COMMENT: I have been unable to identify “T.M.”, but Colonel Richard Cary (1746-1806), a Revolutionary veteran,. had died in Cooperstown on December 15, 1806, after going bankrupt in 1796. His daughter Anne married William Cooper’s oldest son Richard Fenimore Cooper. Cary is buried in the Cooper family plot at Christ Episcopal Church, next to William’s well beloved daughter Hannah Cooper (1777-1800). As Col. Cary was dying he is said to have whispered that he had one last request to make — “Bury me beside Hannah Cooper; she was the best woman I ever knew and my only chance of Paradise is getting in on her skirts.”
I have a Patent Machine for Spinning Wool, on which a woman and a small girl, after a little experience, can spin from 15 to 20 runs a day with the same ease that a common day’s work is performed. Those who wish to purchase will please to call at my shop in Cooperstown, to see the Machine and know the terms. JOSEPH CUSHMAN. February 1, 1814.
COMMENT: This was probably Joseph Cushman (1771-1837), who came from Connecticut, was a merchant in Schuyler Lake until 1815, and died in Chenango Forks. I have not found further information about him.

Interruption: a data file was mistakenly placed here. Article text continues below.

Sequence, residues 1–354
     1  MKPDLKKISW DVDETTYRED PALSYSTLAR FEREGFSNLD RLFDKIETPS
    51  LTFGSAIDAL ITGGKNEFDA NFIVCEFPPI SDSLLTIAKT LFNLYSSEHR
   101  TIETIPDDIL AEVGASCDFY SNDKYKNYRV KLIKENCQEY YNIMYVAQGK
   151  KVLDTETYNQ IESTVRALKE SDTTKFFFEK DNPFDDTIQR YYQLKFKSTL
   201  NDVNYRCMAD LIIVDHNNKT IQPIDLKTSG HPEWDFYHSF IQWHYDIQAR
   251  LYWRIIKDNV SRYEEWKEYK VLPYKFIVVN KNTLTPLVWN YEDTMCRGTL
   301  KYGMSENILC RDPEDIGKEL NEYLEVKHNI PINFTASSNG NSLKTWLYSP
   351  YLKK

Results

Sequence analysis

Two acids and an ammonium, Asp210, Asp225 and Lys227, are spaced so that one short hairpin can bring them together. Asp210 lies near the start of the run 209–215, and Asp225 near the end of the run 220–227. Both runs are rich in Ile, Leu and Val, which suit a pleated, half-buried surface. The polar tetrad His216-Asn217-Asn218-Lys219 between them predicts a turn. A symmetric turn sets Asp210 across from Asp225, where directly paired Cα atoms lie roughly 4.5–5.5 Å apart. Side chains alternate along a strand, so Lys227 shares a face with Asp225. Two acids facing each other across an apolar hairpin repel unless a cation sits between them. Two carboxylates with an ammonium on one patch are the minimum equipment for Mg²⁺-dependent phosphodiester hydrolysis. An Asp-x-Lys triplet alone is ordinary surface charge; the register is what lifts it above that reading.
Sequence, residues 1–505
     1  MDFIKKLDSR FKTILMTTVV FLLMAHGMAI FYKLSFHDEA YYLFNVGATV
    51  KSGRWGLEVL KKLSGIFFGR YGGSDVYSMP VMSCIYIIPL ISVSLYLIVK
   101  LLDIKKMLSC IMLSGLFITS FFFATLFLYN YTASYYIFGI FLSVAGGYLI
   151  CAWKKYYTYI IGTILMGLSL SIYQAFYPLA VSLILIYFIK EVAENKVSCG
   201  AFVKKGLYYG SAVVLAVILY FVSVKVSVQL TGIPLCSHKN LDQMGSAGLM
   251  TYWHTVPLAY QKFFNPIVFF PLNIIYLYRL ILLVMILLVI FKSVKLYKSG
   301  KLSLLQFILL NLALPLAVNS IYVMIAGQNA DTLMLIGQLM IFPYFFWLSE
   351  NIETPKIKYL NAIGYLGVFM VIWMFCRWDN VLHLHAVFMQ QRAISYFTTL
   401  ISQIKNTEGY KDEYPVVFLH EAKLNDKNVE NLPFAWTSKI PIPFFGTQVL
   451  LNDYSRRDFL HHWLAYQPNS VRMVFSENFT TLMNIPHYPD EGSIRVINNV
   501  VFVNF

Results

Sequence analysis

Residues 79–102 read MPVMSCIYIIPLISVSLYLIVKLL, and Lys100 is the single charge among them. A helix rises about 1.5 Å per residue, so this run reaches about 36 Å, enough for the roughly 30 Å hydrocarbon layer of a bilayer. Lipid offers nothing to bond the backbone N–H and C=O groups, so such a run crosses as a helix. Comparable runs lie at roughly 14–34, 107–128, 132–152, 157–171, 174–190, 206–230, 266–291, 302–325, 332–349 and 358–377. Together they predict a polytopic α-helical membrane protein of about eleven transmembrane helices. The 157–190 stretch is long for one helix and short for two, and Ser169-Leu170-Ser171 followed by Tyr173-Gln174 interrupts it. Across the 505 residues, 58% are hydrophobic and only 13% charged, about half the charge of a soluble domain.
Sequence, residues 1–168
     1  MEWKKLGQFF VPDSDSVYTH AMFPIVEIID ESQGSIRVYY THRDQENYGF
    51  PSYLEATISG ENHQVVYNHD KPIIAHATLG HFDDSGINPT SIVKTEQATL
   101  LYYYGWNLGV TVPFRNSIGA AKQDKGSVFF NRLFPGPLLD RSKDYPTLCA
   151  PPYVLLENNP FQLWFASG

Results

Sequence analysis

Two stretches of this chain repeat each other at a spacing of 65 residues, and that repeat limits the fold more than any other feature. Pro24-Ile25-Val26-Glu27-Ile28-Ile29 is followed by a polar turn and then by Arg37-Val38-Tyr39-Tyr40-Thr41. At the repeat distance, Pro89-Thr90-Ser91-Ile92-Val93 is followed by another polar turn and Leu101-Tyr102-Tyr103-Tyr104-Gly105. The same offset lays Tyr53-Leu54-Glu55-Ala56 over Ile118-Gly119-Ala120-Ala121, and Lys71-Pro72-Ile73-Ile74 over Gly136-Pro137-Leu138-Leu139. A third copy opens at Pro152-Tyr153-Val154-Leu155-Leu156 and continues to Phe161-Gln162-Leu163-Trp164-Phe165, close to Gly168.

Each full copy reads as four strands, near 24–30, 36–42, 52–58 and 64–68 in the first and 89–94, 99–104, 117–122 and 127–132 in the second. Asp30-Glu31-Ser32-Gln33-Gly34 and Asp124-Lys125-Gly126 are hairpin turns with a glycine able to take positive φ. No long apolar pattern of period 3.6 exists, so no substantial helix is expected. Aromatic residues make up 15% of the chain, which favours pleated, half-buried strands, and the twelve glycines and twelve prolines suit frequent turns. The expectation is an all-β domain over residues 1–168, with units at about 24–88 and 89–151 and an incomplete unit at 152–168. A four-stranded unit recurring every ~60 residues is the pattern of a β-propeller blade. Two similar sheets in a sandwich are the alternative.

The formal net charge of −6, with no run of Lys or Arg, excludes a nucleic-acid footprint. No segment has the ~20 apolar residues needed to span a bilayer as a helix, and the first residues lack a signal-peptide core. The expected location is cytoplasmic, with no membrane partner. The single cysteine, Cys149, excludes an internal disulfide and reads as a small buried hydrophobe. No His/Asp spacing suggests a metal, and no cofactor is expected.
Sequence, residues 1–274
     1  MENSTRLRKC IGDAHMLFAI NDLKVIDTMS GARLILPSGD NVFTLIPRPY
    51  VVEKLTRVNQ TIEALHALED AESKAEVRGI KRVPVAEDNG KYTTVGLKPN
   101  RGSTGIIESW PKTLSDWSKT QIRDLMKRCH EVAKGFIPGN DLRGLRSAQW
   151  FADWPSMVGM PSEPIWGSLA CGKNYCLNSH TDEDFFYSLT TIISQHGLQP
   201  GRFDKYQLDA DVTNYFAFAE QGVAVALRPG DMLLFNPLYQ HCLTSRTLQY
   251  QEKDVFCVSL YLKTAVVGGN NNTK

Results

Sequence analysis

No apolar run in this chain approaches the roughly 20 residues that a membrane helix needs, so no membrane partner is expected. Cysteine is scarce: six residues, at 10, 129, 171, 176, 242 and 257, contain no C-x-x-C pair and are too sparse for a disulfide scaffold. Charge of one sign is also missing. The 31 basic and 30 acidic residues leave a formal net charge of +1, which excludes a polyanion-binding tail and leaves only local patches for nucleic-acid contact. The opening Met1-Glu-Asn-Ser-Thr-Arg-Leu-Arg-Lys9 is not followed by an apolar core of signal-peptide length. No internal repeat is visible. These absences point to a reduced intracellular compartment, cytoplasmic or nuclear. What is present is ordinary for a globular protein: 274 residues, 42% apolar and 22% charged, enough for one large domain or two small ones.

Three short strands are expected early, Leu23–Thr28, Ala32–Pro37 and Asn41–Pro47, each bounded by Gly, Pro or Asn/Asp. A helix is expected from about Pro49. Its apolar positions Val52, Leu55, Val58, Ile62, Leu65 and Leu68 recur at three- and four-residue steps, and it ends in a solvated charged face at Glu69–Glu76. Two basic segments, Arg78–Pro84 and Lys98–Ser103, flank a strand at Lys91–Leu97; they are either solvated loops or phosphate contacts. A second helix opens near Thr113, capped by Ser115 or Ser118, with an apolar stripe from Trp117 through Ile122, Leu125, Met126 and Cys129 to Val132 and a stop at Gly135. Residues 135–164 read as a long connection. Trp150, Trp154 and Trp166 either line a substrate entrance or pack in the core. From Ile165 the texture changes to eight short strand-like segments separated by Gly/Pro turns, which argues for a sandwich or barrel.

“THE ARMY BILL.”
The bill for filling the ranks, encouraging enlistments, &c. has finally passed both houses of Congress. The House receded from its disagreement to the senate’s amendment so far as it related to an increase in the land bounty, and the senate from its amendments respecting money bounty; so that, as the bill is agreed to, the whole bounty money is $124 to each recruit — 50 on enlistment, 50 on mustering the recruit, and 24 on discharge from service, and the land bounty 160 acres. In this form the bill passed the house of representatives without opposition. – Albany Argus.
COMMENT: Isn’t compromise in Congress wonderful! A big problem (never wholly solved) was how to induce Americans to volunteer for the Army during the War of 1812, and the bounties — in cash and land —were periodically increased.